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Not All English is the Same

Not All English is the Same | Geography Education | Scoop.it
"22 Maps That Show How Americans Speak English Totally Differently From Each Other"
Seth Dixon's insight:

An isogloss is a line that divides regions based on the words that are used to describe the same item or concept.  This series of 22 maps is a delicious way to visualize some of the lingusitic differences in the United States.  Why are these distinct vocabulary terms regionally used? 


Notice that this map shows that Rhode Island and Wisconsin are distinct in using the term "bubbler" where there rest of the country would refer to the same object as a drinking fountain (West) or a water fountain (South).


Tags: language, North America, mapping, regions.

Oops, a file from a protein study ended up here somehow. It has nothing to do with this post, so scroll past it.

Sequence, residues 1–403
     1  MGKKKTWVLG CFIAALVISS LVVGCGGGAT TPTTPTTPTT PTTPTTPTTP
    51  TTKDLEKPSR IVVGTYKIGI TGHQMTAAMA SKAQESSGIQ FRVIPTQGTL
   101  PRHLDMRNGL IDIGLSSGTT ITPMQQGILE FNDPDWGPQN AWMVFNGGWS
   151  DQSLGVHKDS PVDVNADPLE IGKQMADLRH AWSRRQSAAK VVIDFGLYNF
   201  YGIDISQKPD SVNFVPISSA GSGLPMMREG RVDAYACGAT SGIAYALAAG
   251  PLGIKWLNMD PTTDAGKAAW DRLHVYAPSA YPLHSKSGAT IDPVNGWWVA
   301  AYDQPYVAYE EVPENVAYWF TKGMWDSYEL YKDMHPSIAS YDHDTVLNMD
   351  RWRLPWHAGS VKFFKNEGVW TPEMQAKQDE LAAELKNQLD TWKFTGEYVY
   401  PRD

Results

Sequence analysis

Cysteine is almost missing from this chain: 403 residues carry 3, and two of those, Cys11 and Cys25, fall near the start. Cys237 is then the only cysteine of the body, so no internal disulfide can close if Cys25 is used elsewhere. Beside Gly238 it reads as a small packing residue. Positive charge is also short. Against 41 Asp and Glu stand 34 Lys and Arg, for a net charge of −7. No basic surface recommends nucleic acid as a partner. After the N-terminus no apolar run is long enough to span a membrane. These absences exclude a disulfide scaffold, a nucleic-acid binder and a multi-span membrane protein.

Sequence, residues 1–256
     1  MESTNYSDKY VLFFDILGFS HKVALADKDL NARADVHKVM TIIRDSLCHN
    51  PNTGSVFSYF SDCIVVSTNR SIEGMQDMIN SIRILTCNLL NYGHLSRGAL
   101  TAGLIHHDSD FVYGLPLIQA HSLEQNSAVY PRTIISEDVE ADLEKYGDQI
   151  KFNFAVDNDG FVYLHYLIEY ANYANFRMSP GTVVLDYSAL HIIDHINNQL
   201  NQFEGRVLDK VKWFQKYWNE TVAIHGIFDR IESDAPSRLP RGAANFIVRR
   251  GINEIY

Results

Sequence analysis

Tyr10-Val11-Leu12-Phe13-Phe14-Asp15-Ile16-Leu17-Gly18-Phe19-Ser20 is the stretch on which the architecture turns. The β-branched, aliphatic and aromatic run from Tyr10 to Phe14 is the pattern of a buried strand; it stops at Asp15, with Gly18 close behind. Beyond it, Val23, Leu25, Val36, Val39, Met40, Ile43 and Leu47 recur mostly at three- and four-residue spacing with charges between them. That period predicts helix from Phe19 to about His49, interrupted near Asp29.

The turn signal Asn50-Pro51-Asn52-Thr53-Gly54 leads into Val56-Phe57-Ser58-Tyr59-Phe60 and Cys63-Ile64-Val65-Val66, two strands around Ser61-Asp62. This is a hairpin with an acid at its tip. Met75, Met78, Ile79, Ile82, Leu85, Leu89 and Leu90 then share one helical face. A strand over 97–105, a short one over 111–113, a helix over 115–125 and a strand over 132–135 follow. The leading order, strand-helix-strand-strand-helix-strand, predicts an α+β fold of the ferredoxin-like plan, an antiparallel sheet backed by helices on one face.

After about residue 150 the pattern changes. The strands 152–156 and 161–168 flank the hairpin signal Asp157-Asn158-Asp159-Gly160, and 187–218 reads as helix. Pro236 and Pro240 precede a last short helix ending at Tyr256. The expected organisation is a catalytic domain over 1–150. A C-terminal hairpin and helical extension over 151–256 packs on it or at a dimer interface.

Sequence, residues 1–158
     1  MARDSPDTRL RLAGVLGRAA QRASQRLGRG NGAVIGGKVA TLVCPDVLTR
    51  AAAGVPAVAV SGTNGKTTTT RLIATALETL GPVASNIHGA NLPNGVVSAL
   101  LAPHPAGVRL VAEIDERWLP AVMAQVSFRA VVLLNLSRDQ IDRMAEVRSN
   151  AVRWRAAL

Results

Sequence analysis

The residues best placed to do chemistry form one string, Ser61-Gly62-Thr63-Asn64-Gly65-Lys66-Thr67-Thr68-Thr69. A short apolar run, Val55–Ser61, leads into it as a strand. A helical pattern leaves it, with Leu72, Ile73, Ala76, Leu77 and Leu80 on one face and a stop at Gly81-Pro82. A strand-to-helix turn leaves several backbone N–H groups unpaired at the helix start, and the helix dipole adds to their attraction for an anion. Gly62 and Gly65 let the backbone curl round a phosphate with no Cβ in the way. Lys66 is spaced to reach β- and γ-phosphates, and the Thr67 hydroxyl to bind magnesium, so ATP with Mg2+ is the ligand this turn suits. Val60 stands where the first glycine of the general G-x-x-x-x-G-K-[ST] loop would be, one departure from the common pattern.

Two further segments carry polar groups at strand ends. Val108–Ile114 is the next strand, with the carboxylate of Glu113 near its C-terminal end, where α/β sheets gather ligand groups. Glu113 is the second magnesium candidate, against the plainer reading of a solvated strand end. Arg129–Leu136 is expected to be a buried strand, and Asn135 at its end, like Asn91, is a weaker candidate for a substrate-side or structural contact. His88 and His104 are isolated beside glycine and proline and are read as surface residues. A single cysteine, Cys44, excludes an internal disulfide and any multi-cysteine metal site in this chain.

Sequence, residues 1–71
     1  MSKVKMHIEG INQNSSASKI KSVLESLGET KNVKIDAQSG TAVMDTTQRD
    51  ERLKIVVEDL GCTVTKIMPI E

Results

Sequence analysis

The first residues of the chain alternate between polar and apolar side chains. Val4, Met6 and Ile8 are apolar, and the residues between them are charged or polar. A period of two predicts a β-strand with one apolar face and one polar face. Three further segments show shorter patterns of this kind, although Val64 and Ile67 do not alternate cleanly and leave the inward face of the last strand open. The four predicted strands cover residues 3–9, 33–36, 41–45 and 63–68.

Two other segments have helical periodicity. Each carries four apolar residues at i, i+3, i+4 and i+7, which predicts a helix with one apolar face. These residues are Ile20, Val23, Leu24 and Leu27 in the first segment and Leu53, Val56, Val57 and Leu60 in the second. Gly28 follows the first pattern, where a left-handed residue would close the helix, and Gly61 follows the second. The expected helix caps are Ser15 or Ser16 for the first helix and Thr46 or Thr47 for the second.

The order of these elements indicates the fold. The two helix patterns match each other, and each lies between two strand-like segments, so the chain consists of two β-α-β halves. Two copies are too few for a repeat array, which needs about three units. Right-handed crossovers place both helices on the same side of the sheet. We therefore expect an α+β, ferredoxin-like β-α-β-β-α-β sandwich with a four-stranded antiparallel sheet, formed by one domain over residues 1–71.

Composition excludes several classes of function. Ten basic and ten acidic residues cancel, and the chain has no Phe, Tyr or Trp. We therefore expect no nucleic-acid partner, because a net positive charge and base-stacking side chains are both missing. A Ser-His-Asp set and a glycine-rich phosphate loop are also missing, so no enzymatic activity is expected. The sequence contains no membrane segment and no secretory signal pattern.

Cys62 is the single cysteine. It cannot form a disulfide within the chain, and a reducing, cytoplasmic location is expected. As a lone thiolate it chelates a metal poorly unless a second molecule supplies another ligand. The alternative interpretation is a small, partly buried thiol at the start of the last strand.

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MelissaRossman's comment, August 30, 2013 7:50 AM
Excellent
Al Picozzi's curator insight, September 12, 2013 2:05 PM

Love these maps.  Bubbler is so right in RI and I never knew it was called that anywhere else.  However I think they got the one about the subs wrong.  I still call those sandwhiches a grinder.  I went to Texas once and ask for a grinder and I still think the guy there is laughing at me to this day.  Its really is great to see the difference though even though this is one country with many different backgrounds.

Amy Marques's curator insight, February 6, 1:29 PM

These 22 maps are a great representation of how linguistically different the United States truly is. Depending  where you are from I the US shows how you say something differently. For example, in the Northeast and South, people pronounce the word caramel in two words, "cara and mel" and in the west and west coast it is pronounced " car-mel". Even the word crayon is pronounced differently depending where you live. 

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